Been dealing with a sticky nav at work. Tend to agree they’re a symptom of muddled information design.
University websites are nothing if not conventional, and most will add what Adam is criticising here in an effort to help prospective students navigate around long course pages.
This is an area ripe for some research (and in fact we’re doing just that at work). Perhaps unsurprisingly, course pages pose a particularly thorny set of problems:
- Students need a lot of information when they’re evaluating a course: start dates, entry requirements, campus location, application details, how long it is, part and full time options etc., some of which can be detailed (such as course module descriptions).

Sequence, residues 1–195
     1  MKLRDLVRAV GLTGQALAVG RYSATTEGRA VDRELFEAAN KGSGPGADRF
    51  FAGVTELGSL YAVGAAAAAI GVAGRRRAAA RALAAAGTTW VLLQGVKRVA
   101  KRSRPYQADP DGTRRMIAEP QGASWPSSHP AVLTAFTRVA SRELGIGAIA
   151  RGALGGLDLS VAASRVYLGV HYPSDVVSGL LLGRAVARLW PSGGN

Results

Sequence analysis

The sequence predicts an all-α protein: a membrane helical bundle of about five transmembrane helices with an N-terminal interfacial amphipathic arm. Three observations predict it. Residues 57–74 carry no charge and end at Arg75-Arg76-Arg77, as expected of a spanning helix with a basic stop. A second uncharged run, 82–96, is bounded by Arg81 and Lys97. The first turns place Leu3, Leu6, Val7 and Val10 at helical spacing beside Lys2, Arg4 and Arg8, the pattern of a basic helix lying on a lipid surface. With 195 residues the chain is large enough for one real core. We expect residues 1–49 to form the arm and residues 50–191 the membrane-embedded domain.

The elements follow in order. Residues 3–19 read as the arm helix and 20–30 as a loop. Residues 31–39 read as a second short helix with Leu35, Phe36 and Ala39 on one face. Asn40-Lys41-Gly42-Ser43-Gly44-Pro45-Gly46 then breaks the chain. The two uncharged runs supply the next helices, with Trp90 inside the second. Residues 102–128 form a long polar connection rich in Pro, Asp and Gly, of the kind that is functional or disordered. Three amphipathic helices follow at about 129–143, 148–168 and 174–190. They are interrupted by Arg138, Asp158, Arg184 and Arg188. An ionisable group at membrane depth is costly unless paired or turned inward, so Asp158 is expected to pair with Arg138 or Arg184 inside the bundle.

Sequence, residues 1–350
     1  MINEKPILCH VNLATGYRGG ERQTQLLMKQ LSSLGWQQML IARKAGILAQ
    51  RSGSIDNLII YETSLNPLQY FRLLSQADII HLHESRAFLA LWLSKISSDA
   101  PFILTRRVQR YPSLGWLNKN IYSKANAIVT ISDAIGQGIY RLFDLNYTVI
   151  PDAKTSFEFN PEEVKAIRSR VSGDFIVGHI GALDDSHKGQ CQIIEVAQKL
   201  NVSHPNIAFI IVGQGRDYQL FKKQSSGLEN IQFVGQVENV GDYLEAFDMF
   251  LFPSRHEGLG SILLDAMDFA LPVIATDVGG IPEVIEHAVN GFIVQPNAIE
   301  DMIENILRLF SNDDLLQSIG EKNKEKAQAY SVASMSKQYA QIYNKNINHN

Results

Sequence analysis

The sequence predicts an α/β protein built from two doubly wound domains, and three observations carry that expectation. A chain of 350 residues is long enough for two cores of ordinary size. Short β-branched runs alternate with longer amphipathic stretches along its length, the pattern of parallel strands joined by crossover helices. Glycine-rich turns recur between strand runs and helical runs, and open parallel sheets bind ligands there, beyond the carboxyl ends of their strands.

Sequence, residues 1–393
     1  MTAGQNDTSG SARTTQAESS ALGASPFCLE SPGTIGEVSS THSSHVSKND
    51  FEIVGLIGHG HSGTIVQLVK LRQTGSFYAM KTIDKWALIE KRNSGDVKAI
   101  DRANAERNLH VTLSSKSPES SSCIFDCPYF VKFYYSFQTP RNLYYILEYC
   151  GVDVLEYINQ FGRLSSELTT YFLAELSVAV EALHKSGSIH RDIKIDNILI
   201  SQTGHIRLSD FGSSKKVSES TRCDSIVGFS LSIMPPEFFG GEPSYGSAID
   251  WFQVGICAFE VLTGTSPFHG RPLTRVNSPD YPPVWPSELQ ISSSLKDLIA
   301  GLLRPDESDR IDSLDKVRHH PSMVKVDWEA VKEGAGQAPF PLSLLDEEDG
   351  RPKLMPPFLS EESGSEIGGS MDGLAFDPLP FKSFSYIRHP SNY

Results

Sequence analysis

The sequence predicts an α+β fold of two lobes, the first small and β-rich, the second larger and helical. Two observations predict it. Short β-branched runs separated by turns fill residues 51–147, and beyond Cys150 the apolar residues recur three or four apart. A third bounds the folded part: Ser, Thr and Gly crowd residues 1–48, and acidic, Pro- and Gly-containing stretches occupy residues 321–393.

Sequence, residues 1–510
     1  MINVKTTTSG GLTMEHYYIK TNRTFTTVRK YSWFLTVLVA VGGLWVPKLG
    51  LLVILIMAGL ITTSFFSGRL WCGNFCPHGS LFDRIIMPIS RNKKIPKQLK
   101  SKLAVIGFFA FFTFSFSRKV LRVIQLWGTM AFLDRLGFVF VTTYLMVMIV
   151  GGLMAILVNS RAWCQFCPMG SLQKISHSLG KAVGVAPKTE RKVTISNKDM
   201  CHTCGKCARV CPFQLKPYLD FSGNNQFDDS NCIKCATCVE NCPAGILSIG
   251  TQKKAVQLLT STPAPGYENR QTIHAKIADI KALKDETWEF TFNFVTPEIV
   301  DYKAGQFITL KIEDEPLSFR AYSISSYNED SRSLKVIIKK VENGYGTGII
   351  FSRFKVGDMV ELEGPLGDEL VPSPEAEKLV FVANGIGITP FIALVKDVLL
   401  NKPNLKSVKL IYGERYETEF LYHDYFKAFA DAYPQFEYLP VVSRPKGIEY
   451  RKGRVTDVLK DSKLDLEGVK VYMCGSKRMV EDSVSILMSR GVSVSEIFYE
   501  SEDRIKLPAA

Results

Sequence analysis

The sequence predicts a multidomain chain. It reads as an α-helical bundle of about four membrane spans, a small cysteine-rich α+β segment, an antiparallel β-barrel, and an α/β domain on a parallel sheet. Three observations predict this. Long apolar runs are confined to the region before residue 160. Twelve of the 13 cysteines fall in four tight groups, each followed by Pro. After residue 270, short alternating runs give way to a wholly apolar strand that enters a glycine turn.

- Some of this information can benefit from interactivity, introducing another layer of UI complexity (e.g. only show me part-time options)
- Course pages are highly visible and get lots of visits. Faculties and marketing see them as a “shop window” and therefore try and add further features, such as student work examples, staff profiles etc. They’ll also have opinions on the best way to present this information.
In my experience, students do use sticky navs, but that doesn’t mean they’re the right approach. For example, in testing I’ve seen an open by default menu used a lot only for it to be ignored once it stuck to the the top of the page. When they are used I’ve noticed that they obscure potentially important information, which the student of course doesn’t see.
(Probably warrants a blog post.)